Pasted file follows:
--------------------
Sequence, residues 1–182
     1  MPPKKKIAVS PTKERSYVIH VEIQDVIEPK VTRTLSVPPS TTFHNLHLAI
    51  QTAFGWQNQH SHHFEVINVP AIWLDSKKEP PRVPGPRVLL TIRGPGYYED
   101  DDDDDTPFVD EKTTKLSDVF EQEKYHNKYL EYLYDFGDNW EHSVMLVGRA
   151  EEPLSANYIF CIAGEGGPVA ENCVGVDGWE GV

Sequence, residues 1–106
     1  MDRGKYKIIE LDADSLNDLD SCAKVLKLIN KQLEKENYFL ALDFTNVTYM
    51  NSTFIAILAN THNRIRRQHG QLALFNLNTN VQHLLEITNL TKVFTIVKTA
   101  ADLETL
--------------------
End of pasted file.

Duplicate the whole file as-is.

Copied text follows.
Sequence, residues 1–182
     1  MPPKKKIAVS PTKERSYVIH VEIQDVIEPK VTRTLSVPPS TTFHNLHLAI
    51  QTAFGWQNQH SHHFEVINVP AIWLDSKKEP PRVPGPRVLL TIRGPGYYED
   101  DDDDDTPFVD EKTTKLSDVF EQEKYHNKYL EYLYDFGDNW EHSVMLVGRA
   151  EEPLSANYIF CIAGEGGPVA ENCVGVDGWE GV

Sequence, residues 1–106
     1  MDRGKYKIIE LDADSLNDLD SCAKVLKLIN KQLEKENYFL ALDFTNVTYM
    51  NSTFIAILAN THNRIRRQHG QLALFNLNTN VQHLLEITNL TKVFTIVKTA
   101  ADLETL